And I am grateful, perhaps most of all, to have a church again. To be part of a church family again, to have a priest who likes me, to take communion again, to tithe again, and to worship God again. I've missed it in ways that I didn't even understand. I've wanted to write about this process of healing and forgiveness for a long time, but I never felt that I had all of the pieces of the puzzle. It's obvious, if you've read my recent posts which were in some ways even a surprise to me, that I have great reservations about the church and church leadership. I've considered coming here and really spelling that out. Really elucidating the whys and wherefores of that to make it plain and to spell out what happened and how I got damaged. And I don't think I'd be in the wrong for doing that. It might be cathartic. But now I realize that it just doesn't matter to me anymore. I've come to think of doing that as a chore more than a catharsis.
But this much I'll say: I got sold out and misappropriated by the leadership of my church. And it wasn't right and it wasn't justified and there isn't any way to soften it. I lost many of my friends. I had to leave my church family and my church community. And it felt like a death.
And in the years leading up to the decision to leave that church, I sinned by forgetting the most simple and fundamental elements of my faith. I forgot the means of grace exchanging them for license. I worshiped church and not God. I said and did things for which I am ashamed. And I am responsible. And there is no way to soften it.
But you see, I believe that God, in his desire to reach me with mercy despite the consequences to my personal comfort and security, routed my sin with the intention of delivering me from it. In this year I have learned something of God's sovereignty that I didn't know before. I've learned something of what it means to trust God and to hope for his deliverance. And I've learned something of the mystery of what it means to forgive.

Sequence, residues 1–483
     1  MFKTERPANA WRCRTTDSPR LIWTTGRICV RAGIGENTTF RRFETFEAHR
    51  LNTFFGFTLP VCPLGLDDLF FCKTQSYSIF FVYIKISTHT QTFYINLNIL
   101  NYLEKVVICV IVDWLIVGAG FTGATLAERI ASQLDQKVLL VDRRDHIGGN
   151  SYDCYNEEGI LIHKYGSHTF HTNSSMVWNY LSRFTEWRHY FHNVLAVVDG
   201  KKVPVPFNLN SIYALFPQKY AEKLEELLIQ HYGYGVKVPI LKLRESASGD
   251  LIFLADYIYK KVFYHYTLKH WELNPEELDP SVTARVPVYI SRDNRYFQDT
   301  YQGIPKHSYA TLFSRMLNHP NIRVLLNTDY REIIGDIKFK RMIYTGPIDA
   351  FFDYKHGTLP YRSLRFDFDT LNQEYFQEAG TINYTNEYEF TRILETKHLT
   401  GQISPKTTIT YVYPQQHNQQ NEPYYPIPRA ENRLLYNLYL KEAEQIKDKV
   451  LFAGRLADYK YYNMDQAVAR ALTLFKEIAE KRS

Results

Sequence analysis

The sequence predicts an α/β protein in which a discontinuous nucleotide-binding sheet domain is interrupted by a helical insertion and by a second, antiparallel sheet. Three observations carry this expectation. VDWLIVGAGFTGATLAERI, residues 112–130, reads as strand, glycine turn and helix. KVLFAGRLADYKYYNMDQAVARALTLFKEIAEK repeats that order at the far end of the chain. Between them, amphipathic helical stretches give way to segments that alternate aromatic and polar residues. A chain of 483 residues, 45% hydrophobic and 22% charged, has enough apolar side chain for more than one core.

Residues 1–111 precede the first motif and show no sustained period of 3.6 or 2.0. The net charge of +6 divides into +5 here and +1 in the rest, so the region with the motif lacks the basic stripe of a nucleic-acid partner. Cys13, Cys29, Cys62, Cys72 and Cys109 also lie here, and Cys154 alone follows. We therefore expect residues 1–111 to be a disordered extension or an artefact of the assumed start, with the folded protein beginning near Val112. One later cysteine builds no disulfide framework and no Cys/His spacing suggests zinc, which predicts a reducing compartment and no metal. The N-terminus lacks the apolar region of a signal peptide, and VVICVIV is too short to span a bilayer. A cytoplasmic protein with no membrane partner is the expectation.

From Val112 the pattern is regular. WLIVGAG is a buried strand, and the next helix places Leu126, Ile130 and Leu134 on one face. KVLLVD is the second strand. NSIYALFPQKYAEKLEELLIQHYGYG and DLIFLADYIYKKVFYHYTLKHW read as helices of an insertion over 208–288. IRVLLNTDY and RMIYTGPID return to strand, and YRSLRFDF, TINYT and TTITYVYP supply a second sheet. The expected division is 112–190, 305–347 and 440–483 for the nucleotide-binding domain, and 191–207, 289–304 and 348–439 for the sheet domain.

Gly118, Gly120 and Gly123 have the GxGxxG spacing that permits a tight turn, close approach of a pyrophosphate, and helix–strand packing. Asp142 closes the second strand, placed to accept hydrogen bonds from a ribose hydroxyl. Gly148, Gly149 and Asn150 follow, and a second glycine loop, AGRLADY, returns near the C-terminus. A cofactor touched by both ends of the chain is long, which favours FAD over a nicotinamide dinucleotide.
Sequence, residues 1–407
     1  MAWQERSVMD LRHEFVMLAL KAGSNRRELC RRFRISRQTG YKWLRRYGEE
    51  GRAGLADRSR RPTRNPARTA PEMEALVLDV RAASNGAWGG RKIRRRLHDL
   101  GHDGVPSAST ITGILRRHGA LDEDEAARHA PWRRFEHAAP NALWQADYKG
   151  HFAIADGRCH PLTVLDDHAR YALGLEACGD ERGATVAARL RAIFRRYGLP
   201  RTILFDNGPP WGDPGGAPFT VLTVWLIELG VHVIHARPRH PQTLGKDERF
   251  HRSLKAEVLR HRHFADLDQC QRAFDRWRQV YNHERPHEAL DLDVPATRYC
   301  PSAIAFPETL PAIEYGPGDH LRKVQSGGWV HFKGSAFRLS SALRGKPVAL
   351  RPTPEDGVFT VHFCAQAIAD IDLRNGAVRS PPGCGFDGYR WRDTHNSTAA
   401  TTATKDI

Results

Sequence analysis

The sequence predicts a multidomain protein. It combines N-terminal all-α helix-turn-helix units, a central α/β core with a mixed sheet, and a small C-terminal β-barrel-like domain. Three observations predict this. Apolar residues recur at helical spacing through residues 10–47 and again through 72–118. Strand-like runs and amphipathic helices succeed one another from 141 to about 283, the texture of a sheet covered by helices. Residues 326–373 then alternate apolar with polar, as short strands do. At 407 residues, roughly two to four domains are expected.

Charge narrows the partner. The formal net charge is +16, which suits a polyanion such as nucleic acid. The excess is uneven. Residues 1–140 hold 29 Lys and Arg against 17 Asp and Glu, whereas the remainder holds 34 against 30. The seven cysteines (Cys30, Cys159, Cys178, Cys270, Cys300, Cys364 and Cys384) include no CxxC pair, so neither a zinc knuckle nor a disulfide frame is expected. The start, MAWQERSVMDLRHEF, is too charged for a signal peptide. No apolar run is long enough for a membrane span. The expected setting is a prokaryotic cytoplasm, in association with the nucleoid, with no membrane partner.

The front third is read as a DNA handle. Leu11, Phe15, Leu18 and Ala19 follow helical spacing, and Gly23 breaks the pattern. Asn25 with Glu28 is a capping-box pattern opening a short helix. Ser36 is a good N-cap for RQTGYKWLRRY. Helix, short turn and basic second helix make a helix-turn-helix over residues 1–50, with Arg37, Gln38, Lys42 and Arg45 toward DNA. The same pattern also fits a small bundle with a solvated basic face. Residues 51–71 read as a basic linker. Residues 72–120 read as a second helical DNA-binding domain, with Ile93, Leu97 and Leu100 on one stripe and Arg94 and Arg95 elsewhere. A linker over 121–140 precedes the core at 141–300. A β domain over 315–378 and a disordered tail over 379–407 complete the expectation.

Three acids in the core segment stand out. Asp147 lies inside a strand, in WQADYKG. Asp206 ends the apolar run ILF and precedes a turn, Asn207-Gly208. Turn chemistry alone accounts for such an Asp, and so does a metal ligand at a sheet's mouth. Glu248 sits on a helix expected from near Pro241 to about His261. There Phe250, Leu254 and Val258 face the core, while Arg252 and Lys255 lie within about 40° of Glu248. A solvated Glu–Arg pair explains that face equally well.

Lent has brought me the crushing knowledge of my sin and the glorious realization of what it means to be forgiven. It's something I had a notion of before, but not to this degree. Lent has brought me a love of Scripture and an understanding of the importance of worship. Lent has brought me the understanding of my need for mercy and the courage to ask for it frequently.
Every Sunday in this season, we've sung a song about mercy and repeated from the liturgy what I've come to regard as a fundamental prayer for Christians: Lord, Have Mercy. Christ Have Mercy. Lord Have Mercy on me. Every week we sing it and every week I need it. At first, I said it for myself and wept. And then to that I added a prayer for mercy for those in my small congregation who need to be delivered from all kinds of sickness, pain and shadow and wept. And then last Sunday as I sang it, to my memory sprang the faces of the people who have wounded me and I prayed for mercy for them and for their church and for the wreckage of their vision. I prayed for mercy for those who I really wasn't sure I would be able to address civilly should I see them. I prayed for mercy, but it was God who gave me the desire for it. It was God allowing me to pray mercy for them and in turn, pray mercy for myself. It was one of the greatest turning points of my life.
I felt the Holy Spirit unshackle me from the chains of hurt and hostility. I felt that as I prayed for them, God was answering my cry for mercy for myself. This is enough, he seemed to say, this gets buried now. And I feel, for perhaps the first time in more than a year, peace. I feel free to leave it behind me and progress into the life he has planned for me and about which I am so excited. It's over. And I think that my writing is going to reflect that. I think that my dealing with other people is going to reflect that. I think that the way I worship God is going to reflect that. And I am grateful to be relieved of that burden. I will try to remember to run to Jesus for mercy frequently and with abandon because perhaps more than anything else, I have learned that grace prompts the asking, but mercy covers my flaws and rights my course.
And after you have suffered a little while, the God of all grace, who has called you to his eternal glory in Christ, will himself restore, confirm, strengthen, and establish you. I Peter 5:10